• Thomas Young (1773–1829) and Augustin-Jean Fresnel (1788–1827) disproved Newton’s corpuscular theory.

Light is produced by one of two methods

• Incandescence is the emission of light from “hot” matter (T ≳ 800 K).
• Luminescence is the emission of light when excited electrons fall to lower energy levels
(in matter that may or may not be “hot”).

## S P E E D

“In fact I have tried the experiment only at a short distance, less than a mile, from which I have not been able to ascertain with certainty whether the appearance of the opposite light was instantaneous or not; but if not instantaneous it is extraordinarily rapid” – Galileo Galilei, 1638

The speed of light in a vacuum is a universal constant in all reference frames.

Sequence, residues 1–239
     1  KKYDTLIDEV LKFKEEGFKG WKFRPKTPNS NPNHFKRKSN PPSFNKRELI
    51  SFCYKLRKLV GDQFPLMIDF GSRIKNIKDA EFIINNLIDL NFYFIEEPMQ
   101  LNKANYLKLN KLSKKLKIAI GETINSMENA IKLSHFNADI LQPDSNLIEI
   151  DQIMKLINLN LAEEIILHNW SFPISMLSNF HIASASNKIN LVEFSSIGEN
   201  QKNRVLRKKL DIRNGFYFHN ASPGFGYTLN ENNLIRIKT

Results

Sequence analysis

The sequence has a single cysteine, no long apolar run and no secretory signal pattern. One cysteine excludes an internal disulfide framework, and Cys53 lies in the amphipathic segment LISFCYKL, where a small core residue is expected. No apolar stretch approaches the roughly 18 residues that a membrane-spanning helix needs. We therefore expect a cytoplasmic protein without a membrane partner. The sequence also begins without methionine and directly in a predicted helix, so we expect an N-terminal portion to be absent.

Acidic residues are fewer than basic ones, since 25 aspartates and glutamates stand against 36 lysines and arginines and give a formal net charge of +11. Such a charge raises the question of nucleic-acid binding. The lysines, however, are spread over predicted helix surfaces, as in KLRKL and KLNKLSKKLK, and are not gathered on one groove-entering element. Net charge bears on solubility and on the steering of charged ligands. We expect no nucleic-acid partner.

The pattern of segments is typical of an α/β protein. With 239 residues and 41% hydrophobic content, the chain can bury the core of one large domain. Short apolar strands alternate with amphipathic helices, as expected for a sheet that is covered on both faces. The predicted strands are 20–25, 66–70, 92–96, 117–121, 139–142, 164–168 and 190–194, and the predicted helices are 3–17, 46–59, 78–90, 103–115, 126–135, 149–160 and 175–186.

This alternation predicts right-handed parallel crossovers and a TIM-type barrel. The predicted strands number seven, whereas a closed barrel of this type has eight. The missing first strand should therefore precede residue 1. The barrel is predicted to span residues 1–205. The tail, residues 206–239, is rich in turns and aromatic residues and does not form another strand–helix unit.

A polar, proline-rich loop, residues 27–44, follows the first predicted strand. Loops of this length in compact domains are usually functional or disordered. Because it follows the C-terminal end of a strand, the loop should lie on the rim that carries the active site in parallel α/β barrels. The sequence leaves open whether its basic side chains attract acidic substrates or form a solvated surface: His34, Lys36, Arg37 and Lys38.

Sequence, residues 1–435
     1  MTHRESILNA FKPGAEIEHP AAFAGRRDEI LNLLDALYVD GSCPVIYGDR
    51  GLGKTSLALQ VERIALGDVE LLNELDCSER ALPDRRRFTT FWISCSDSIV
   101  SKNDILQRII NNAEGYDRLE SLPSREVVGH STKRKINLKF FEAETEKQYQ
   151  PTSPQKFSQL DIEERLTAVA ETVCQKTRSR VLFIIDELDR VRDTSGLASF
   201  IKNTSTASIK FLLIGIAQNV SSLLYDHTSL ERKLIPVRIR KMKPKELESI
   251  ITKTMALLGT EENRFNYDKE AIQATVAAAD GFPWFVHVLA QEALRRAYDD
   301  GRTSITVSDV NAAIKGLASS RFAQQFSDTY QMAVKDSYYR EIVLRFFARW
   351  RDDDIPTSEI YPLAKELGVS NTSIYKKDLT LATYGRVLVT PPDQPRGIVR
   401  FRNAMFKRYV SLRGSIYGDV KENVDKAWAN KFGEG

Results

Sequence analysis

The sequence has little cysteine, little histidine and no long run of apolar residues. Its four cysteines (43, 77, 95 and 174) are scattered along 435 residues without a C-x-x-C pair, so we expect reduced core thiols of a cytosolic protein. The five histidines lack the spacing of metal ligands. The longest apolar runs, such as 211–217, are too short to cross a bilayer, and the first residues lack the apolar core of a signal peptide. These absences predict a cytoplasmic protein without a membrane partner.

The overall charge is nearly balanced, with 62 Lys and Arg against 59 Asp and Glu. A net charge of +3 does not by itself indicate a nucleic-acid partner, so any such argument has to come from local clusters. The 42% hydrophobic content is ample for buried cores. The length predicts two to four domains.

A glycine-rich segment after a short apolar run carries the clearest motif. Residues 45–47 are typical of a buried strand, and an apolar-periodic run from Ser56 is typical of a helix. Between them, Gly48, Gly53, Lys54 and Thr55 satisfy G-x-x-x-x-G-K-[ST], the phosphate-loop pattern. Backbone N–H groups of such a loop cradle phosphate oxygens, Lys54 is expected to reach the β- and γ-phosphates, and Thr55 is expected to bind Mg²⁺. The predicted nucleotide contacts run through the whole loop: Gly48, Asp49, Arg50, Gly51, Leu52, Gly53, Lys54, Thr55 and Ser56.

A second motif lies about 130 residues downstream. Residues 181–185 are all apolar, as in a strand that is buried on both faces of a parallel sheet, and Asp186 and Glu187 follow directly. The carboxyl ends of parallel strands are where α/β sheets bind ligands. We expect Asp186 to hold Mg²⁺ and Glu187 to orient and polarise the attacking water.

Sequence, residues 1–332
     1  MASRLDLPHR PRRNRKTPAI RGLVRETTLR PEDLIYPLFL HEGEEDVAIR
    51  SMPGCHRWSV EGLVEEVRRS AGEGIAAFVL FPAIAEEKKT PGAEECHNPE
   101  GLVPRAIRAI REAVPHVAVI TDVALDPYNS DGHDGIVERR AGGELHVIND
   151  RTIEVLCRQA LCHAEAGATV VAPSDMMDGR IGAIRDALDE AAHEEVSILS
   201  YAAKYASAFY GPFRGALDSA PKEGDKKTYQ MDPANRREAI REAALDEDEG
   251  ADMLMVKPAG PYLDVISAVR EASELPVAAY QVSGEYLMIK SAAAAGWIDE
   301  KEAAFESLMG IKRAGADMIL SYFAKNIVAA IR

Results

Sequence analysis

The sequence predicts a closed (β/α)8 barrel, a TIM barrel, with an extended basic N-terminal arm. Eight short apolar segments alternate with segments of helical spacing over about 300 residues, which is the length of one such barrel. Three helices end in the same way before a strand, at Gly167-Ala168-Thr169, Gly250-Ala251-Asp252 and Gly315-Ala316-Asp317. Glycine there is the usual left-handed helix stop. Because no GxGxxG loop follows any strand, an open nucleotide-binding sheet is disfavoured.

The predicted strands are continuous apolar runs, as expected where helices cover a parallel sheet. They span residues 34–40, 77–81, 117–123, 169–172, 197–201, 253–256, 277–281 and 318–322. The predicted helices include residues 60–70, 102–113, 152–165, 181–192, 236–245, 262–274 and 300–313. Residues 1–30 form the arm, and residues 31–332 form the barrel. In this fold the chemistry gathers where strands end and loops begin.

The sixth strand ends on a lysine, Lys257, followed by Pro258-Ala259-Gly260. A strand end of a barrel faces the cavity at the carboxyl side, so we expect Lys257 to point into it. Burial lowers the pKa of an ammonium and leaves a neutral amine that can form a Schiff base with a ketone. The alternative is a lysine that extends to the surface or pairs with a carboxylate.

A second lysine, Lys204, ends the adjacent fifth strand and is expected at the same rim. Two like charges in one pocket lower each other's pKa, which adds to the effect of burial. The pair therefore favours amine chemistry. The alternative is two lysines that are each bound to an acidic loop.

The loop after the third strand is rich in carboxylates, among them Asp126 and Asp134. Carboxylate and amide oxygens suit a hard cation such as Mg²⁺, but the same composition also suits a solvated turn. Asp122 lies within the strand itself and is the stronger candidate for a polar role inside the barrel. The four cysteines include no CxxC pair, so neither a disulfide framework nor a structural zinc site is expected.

• The speed of light in a vacuum is fixed at 299,792,458 m/s by the current definition of the meter.
• The speed of light in a medium is always slower the speed of light in a vacuum.
• The speed of light depends upon the medium through which it travels.The speed of anything with mass is always less than the speed of light in a vacuum.

## H O W   D O   Y O U   L E A R N E D   T H EM?

In order to learn them our teacher gave us an activity where in you will draw the diagram of rays of : a. Concave Mirror b. Convex Mirror . Where in we don’t have the same places of object. The places of objects are ; Beyond C, At C, Between C and F, At F, and Between F and V (Vertex). At first we didn’t on how to draw the rays because we don’t have the same places of objects but in order to us to understand we helped each other problems. In some part we argue very much because somebody says that is the correct and some say it is wrong. So we gone through our notes where in our teacher discuss about on placing the rays. So at the end of it we learned on how to draw the rays eventhough we don’t have the samw places of objects. In every group activity we will always need your groupmates opinio in irder to learn from them the knowledge that they have.